On the date of the local elections Bradford also gets to vote on a referendum to have a directly elected Mayor. Now, theoretically, I am in favour of greater democracy, particularly at a local level. However, I am deeply suspicious of the idea. And it is not just the glutinous spectre of Eric Pickles that makes me wary.
With a council, you get to make adjustments to the make up of the council repeatedly during an electoral cycle. In Bradford we get to vote for candidates 3 times in four years. This means we can make changes to the make up of the council and policy can change and be censured by the electorate.
With a directly elected mayor we’d get the chance to change the policy maker once every four years. That’s a heck of a difference. And, if we look to London, we can see how poor the choice presented to the electorate can actually be: do you vote for the guy who is currently failing your city or the guy who failed it four years ago?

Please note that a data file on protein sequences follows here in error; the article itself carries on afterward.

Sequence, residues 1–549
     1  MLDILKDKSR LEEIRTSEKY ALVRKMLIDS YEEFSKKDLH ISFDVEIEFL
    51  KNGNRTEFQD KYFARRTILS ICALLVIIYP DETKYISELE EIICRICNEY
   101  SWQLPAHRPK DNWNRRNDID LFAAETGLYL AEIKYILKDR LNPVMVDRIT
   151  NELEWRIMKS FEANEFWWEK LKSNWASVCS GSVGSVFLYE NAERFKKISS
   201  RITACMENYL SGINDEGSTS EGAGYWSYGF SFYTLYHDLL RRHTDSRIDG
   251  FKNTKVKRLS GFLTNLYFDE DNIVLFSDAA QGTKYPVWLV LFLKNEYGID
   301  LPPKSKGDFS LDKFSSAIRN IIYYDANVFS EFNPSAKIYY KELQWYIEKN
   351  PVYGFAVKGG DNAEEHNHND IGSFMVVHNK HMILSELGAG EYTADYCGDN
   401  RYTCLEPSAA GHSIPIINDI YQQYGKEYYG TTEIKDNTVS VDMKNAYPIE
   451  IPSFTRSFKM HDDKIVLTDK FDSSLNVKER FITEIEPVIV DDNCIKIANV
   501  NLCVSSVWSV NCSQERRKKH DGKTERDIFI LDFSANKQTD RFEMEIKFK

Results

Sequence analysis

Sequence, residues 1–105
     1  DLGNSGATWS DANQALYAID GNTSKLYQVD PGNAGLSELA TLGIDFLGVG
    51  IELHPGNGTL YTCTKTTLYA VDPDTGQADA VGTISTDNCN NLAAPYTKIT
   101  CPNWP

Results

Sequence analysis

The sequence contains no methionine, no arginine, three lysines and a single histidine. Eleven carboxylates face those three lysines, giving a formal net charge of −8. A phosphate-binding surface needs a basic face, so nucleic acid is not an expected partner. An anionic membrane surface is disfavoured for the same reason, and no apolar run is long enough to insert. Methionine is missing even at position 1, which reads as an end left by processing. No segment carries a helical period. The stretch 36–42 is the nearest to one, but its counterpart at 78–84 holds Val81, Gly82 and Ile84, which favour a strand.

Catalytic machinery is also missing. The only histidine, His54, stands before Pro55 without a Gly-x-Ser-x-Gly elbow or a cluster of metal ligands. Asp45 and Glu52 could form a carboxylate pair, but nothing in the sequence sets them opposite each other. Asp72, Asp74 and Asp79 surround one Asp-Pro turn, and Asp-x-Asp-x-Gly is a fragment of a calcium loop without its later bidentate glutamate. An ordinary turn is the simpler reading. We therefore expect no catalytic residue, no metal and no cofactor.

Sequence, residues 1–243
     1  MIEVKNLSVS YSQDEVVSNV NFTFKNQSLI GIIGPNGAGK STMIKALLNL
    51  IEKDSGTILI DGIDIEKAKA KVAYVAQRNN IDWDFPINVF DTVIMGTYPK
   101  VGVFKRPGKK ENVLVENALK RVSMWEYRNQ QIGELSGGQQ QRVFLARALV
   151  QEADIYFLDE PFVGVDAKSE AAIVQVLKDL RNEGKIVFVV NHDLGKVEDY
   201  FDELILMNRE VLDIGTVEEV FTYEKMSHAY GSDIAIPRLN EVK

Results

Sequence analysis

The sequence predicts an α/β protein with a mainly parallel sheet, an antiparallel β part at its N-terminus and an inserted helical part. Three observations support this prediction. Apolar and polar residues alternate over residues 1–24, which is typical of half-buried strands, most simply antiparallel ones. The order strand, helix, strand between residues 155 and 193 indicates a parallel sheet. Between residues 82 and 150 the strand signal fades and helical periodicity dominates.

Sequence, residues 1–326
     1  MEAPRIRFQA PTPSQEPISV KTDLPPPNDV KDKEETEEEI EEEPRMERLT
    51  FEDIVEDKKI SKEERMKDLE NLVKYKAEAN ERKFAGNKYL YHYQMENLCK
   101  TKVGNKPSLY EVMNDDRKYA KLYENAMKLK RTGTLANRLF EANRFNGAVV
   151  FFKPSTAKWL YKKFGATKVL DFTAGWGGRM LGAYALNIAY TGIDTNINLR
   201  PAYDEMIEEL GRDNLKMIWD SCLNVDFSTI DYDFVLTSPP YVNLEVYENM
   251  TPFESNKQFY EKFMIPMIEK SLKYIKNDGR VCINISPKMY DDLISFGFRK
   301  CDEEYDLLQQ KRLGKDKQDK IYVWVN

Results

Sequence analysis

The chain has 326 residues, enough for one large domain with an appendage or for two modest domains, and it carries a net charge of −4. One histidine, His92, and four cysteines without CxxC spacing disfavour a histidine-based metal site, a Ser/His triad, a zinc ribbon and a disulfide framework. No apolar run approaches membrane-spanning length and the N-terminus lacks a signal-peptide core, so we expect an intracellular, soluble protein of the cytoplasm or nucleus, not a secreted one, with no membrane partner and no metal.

Bradford, of course, is not London. We’re pretty much guaranteed to attract a lesser class of politician and no one at the pinnacle of their powers will actually want to be our mayor. Rather than the likes of Ken Livingstone and Boris Johnson we’re more likely to get Eric Pickles and George Galloway. A very human chill runs through my veins as I contemplate such a scenario.
It’s not just that I don’t trust the Bradford electorate (bluntly, I really don’t, that some of these people have the right to vote angers me), it’s not just that the stature of Bradford will mean we’re stuck with lesser lights (that I still see Ralph Berry’s name in association with local politics is saddening and scary), it’s also that our elected mayoral process in this country has a rather poor precedent. Let’s not exacerbate everything by voting yes to less accountability, the choice of a lesser of two evils or incompetencies every four years and to allow personality to dominate local policy.